Stephen Sondheim, one of the last giants of the American musical theater to work in a style not influenced by rock and roll, was born in New York City on March 22, 1930. Sondheim and the work he created helped revolutionize the Broadway musical in the 1950s, 60s and 70s.
When Sondheim was a child, the musicals that dominated Broadway theater were of precisely the kind that his own work would later subvert: the kind filled with feather boas, top hats, chorus lines and big, show-stopping production numbers. Yet it was just such a musical, 1939's Very Warm For May, which first inspired a nine-year-old Stephen Sondheim to pursue a career in musical theater.
Sondheim's childhood was comfortable only in the material sense. The only child of relatively well-to-do Manhattan parents, he grew up in an apartment on Central Park West, but the home was not a very happy one. Sondheim's parents divorced bitterly when he was 10, and Stephen was left to live with a mother whom he would later speak openly of despising. The relationship that had the biggest positive effect on Sondheim's future was with the family of a friend he made shortly after his parents' divorce. That friend, Jamie Hammerstein, was the son of the legendary Broadway lyricist and playwright Oscar Hammerstein II, who nurtured the young Sondheim's interest in the theater and led him through a rigorous if informal apprenticeship as a teenager. Though Sondheim entered Williams College as a math major, he left with a degree in music and a desire to become both a lyricist and a composer. His big break came just five years into his professional career, when he was chosen to write the lyrics for a new show called West Side Story, which would run for 732 performances in its original production on Broadway. Next came another assignment as lyricist on Gypsy before finally getting the chance to launch a show for which he wrote both words and music, the comedy A Funny Thing Happened on the Way to the Forum.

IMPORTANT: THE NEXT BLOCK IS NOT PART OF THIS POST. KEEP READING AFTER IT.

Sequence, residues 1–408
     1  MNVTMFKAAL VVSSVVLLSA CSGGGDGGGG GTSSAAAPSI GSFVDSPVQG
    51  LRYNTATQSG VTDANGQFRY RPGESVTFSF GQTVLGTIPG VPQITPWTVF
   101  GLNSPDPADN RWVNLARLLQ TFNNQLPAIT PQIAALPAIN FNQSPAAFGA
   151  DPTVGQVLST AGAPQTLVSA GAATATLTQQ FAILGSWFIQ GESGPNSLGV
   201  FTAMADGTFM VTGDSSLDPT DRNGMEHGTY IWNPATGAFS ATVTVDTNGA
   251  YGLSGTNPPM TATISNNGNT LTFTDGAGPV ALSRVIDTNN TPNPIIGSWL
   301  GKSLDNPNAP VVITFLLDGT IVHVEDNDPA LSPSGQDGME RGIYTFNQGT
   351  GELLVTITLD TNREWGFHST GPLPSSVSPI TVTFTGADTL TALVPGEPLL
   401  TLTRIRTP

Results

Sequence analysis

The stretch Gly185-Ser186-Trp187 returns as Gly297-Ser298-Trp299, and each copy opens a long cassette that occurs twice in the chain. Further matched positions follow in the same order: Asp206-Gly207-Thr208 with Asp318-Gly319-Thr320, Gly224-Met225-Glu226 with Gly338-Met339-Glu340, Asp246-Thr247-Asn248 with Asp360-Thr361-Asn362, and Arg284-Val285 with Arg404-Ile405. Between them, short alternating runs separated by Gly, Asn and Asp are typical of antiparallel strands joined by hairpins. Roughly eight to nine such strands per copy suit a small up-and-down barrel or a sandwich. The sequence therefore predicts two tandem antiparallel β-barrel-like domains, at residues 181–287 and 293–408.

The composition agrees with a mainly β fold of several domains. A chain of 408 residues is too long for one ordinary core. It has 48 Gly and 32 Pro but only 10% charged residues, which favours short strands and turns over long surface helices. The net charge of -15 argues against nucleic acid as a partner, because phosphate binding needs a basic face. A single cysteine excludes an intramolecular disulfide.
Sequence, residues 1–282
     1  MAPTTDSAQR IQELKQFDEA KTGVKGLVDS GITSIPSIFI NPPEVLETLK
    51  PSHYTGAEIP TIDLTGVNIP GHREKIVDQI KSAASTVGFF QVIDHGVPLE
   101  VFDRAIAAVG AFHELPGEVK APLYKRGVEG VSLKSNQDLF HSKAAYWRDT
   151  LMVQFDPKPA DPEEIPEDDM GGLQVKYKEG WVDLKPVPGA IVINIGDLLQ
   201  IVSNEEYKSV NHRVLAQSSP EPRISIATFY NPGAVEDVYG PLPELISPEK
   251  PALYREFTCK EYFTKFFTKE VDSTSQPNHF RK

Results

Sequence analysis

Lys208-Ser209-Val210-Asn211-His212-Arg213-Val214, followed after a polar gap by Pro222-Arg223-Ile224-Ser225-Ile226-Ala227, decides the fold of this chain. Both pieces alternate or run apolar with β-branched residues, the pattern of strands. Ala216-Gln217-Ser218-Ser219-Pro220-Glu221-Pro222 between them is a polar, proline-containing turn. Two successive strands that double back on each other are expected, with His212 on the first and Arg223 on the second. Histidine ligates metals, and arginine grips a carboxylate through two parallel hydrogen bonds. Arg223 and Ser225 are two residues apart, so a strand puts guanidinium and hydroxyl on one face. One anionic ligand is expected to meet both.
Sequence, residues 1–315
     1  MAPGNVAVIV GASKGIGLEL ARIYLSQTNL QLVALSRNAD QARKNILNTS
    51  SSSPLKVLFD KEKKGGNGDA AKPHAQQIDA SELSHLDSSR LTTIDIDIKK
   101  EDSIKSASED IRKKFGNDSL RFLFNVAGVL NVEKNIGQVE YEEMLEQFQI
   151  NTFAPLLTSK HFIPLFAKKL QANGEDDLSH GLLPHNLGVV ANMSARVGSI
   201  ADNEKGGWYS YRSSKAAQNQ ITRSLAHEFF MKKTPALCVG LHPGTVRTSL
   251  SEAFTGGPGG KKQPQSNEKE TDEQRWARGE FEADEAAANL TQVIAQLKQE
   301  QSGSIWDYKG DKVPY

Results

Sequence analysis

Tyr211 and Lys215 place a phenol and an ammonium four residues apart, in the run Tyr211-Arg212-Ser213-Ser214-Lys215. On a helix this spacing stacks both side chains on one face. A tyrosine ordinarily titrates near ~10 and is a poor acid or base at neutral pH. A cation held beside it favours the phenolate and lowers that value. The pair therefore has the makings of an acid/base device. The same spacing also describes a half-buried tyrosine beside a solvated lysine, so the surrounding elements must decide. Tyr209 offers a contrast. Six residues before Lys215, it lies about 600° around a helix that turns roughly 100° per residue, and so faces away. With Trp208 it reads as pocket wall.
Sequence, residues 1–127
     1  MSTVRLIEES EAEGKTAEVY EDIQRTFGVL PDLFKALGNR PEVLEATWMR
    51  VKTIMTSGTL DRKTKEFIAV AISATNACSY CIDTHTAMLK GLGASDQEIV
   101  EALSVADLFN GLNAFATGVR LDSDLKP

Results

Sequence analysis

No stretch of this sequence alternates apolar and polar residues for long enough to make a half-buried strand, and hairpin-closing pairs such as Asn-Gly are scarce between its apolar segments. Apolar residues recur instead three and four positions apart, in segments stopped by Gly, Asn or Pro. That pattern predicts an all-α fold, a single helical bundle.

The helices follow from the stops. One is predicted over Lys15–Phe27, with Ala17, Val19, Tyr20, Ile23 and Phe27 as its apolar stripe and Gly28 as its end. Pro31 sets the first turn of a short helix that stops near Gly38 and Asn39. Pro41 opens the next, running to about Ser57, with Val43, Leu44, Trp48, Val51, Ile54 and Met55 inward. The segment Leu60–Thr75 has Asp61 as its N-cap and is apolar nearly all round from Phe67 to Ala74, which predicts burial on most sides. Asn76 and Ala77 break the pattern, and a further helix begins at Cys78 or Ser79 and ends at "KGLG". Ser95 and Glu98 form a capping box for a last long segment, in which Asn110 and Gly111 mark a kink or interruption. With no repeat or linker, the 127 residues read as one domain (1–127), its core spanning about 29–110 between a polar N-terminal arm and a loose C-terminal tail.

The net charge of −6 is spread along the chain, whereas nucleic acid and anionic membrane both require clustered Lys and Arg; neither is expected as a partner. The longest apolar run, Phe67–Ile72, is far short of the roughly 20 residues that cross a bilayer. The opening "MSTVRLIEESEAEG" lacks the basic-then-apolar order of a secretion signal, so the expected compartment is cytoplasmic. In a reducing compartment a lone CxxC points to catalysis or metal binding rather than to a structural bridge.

While those early works were probably enough to assure both his financial independence and his reputation as a great Broadway talent, the argument for Stephen Sondheim as a great American artist is based more on his works of the 1970s and 80s: Company, Follies, A Little Night Music, Sweeney Todd and Sunday in the Park with George. These shows, which tackled such nontraditional subjects as pointillist painting and Victorian cannibalism, established Sondheim as one of musical theater's greatest, and most iconoclastic, innovators.